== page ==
The American people have been promised flying cars, along with jet packs, ray guns, and cold fusion, since at least the end of World War II. Over the years there have been countless attempts to make a commercially viable flying car. The most successful was the short-lived Aerocar, but for the most part flying cars have either been vaporware or unfortunate disasters. Now, a Dutch developer has what they claim is the first commercially viable flying car.

According to Flying Magazine, PAL-V announced this week that its long awaited Liberty flying car is now on sale, with deliveries expected by the end of 2018. In development for roughly fifteen years now, the Liberty first took to the air way back in 2012. The Liberty is a compact, three-wheeled, fully enclosed gyrocopter powered by a Rotax-based dual-propulsion drivetrain that runs on regular pump gas. The 100-horsepower Rotax can propel the little vehicle along the ground at 100 miles per hour or through the air at speeds up to 110 mph with a maximum altitude of 11,480 feet. It can carry two people, the pilot and one passenger, in relative comfort, and requires between 5-10 minutes to convert between modes.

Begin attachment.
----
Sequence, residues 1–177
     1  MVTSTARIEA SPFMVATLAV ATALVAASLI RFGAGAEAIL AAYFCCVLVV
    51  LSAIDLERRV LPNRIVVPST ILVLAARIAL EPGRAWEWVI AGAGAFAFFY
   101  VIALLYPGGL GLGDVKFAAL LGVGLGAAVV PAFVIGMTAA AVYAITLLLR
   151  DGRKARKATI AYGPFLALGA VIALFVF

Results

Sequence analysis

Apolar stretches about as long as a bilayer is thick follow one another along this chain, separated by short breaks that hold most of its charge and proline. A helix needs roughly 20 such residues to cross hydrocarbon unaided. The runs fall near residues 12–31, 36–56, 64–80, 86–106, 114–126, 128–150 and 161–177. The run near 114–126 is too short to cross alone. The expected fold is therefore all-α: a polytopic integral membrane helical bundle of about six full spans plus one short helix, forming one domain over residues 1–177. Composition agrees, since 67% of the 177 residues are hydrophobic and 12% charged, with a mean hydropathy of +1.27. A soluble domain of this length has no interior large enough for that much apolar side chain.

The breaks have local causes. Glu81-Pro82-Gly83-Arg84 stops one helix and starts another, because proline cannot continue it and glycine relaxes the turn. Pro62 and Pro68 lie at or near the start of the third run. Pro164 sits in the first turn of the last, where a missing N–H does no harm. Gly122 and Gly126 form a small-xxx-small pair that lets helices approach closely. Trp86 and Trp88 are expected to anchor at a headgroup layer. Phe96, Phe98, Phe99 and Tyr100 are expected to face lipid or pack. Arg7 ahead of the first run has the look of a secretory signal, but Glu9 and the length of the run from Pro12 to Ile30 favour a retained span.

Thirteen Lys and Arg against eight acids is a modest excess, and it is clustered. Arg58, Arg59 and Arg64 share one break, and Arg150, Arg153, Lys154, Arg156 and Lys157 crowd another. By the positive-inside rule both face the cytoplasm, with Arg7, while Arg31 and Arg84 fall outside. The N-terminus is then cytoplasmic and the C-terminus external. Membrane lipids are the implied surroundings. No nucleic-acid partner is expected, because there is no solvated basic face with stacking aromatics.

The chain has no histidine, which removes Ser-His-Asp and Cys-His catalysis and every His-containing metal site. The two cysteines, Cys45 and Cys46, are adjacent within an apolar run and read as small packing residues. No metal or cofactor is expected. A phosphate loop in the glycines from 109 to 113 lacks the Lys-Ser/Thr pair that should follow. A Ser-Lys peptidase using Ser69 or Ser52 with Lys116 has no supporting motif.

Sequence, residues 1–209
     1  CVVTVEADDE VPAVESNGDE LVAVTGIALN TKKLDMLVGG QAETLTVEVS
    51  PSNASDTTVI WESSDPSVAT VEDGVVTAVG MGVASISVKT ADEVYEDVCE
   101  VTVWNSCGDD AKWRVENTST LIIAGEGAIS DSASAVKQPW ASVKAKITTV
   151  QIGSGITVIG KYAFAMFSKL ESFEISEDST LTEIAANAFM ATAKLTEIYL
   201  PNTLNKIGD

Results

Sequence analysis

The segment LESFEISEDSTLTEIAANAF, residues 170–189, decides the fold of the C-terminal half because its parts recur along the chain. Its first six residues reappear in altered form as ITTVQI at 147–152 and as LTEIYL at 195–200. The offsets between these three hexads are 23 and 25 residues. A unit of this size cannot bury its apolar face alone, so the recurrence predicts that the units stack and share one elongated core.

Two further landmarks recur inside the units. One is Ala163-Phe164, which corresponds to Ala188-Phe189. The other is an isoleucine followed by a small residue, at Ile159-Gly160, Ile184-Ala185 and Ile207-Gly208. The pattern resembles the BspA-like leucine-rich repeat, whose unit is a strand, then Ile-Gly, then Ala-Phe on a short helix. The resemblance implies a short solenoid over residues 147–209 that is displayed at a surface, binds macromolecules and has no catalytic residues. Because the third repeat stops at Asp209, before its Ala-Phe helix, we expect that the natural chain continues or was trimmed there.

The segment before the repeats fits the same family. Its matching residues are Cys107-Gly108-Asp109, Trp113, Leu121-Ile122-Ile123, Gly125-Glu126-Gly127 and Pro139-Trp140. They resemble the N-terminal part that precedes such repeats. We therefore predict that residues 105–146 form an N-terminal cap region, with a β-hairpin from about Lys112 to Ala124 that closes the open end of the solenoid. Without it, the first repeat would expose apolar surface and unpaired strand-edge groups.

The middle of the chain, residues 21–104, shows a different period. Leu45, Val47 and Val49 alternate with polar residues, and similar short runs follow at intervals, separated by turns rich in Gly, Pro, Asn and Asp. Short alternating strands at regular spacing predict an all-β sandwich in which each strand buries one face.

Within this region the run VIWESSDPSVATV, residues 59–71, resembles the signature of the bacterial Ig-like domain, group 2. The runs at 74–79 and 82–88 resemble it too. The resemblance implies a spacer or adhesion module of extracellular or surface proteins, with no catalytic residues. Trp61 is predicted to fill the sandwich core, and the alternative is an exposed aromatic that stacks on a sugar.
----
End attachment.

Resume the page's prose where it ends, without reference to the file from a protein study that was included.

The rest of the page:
Despite how lovely and easy PAL-V's website makes owning and flying the Liberty sound, you're not going to be able to just saunter down to the local dealer and fly one away. First, potential Liberty owners in the European Union or United Kingdom will need to have a gyroplane operator's license. There is no word on US requirements, but flying a Liberty will probably require at least a sports pilot license. Then there's the price. The standard Liberty Sport starts at $399,000, twice as much as a used Cessna 172 and almost ten times as much as a Piper Cherokee. The chichi limited edition Liberty Pioneer, of which only 92 will be made, clocks in at an eye-watering $599,000. For your money you do get some training along with your sweet new flying car, along with a list of cryptic options that includes "power heating".

Whether or not the Liberty ushers in a golden age of Jetsons-style commuting remains to be seen. As stated earlier, a whole lot of dreamers have tried and failed to make flying cars a reality. This one at least exists and flies though, so who knows? Maybe if the Liberty is successful I'll finally get my jet pack and ray gun.

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